Cover image for The good sister
Title:
The good sister
Author:
Campbell, Drusilla.
Personal Author:
Edition:
First edition.
Publication Information:
New York : Grand Central Pub., [2010]

©2010
Physical Description:
viii, 334 pages ; 21 cm
Summary:
"A novel of three generations of women seeking to overcome a legacy of violence, secrecy, and lies...as they discover just how far sisters, mothers, and daughters will go to hurt and help one another"--Cover p. [4].
General Note:
Includes reading group guide (p.[331]-334).
Language:
English
ISBN:
9780446535786
Format :
Book

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Summary

Summary

Roxanne Callahan has always been her younger sister's caretaker. Now married, her happiness is threatened when beautiful and emotionally unstable Simone, suffering from crippling postpartum depression, commits an unforgivable crime for which Roxanne comes to believe she is partially responsible. In the glare of national media attention brought on her sister, Roxanne fights to hold her marriage together as she is drawn back into the pain of her troubled past and relives the fraught relationship she and Simone shared with their narcissistic mother. At the same time, only she can help Simone's nine year old daughter, Merell, make sense of the family's tragedy. Cathartic, lyrical, and unflinchingly honest, THE GOOD SISTER is a novel of four generations of women struggling to overcome a legacy of violence, lies and secrecy, ultimately finding strength and courage in their love for each other.


Author Notes

Drusilla Campbell was born in Melbourne, Australia in 1940. After graduating from San Jose State University, she spent two years hitchhiking around the world. Whenever she ran out of money, she stopped for a while and taught at elementary schools. She received an M. A. in broadcast journalism from American University and worked for a public-radio station in Washington, D.C.

She wrote 17 novels during her lifetime including Blood Orange, The Good Sister, Bone Lake, Little Girl Gone, When She Came Home, and In Doubt. She died of lung cancer on October 24, 2014 at the age of 74.

(Bowker Author Biography)


Reviews 2

Booklist Review

Roxanne has always been responsible for her sister, Simone. Their absentee father and abusive mother ensured that the girls would rely on each other. When the unstable Simone marries a wealthy man, it seems Roxanne's caretaking job is over, and she begins to fashion a new life for herself. Unfortunately, the stress of multiple pregnancies and episodes of postpartum depression make things worse for Simone. The novel opens with Simone's trial for the attempted murder of three of her children, which weakens suspense and makes it hard for the reader to become invested in the childrens' fate. The unrealistic survival of the children may have been written to ensure that the character remains sympathetic, but it would have been more interesting to see if sympathy could be maintained for a damaged woman who was successful in her attempts at murder. A note from the author describes her own family's struggle with postpartum depression, and a reading group guide makes this a natural for book groups.--Block, Marta Segal Copyright 2010 Booklist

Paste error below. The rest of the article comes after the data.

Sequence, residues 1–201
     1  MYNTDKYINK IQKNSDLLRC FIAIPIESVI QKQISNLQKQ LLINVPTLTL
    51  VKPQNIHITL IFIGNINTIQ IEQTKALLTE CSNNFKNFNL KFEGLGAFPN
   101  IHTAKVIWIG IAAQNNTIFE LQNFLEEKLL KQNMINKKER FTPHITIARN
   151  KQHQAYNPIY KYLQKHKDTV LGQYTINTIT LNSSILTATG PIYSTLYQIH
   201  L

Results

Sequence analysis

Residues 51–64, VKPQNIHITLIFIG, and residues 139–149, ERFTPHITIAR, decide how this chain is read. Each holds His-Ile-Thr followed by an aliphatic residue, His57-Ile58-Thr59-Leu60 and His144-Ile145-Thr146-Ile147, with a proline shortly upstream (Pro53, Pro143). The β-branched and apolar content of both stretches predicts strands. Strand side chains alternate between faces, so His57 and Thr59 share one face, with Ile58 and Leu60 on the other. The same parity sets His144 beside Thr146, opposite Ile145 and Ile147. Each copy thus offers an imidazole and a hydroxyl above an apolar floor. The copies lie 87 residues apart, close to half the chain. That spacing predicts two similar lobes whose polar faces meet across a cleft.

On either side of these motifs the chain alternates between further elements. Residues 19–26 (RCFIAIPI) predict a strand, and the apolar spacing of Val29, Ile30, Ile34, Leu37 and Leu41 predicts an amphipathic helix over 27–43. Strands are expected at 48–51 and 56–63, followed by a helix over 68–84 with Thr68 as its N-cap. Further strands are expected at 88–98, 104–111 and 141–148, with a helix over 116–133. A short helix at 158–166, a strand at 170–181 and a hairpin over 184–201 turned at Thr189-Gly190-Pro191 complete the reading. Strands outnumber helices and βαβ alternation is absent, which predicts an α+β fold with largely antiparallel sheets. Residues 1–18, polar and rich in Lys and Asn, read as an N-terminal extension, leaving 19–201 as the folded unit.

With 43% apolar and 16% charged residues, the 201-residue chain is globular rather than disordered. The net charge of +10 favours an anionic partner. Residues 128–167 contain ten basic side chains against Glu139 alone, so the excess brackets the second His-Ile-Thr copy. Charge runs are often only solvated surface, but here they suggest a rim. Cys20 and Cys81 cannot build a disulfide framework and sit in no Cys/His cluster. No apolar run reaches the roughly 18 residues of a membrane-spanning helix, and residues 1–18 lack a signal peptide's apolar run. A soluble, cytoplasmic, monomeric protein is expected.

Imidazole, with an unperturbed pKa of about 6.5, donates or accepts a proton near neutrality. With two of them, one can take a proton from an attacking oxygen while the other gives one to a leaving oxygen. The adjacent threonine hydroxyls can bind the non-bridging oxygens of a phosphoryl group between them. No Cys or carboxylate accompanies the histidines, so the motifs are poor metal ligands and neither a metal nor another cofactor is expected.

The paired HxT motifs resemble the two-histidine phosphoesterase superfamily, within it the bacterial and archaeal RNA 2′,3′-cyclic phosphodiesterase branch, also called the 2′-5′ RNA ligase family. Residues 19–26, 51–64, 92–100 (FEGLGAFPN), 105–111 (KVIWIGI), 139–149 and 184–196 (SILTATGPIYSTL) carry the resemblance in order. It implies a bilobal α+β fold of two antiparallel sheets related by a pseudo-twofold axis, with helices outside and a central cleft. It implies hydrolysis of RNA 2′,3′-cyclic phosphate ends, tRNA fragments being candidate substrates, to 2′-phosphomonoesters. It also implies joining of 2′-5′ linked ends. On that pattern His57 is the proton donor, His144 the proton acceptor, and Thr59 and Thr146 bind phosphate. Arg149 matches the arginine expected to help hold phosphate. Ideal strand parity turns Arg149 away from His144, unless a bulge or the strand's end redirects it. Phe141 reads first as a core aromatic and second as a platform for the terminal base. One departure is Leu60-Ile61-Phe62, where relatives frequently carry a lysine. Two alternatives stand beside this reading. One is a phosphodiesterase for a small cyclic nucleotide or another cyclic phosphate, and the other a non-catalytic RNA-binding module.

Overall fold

Publisher's Weekly Review

A mother on trial for the attempted murder of her children opens Campbell's piercing latest. The story shifts back in time to explore Simone Duran's childhood with her sister, Roxanne, and their self-absorbed mother and also Simone's life as a stay-at-home mom suffering from postpartum depression. Simone's neglect of infant daughter Olivia, who she lets lie in her crib crying for hours on end, tears at the heart, but while Simone's mothering is disturbing, Campbell (Blood Orange) highlights the underlying factors that have pushed Simone to this edge, giving the story balance. Simone's macho husband prevents her seeking treatment while he imposes pregnancy after pregnancy on her in his desire to finally have a son. Add Roxanne's overprotectiveness of Simone, and you have a completely dependent woman. Campbell burns through Simone's struggles and also those of Roxanne in haunting, graphic detail. This portrait of the inner life of a woman whose psychotic state led her to believe that killing her children and herself would have been best for all of them should be on everyone's book club list. (Oct.) (c) Copyright PWxyz, LLC. All rights reserved.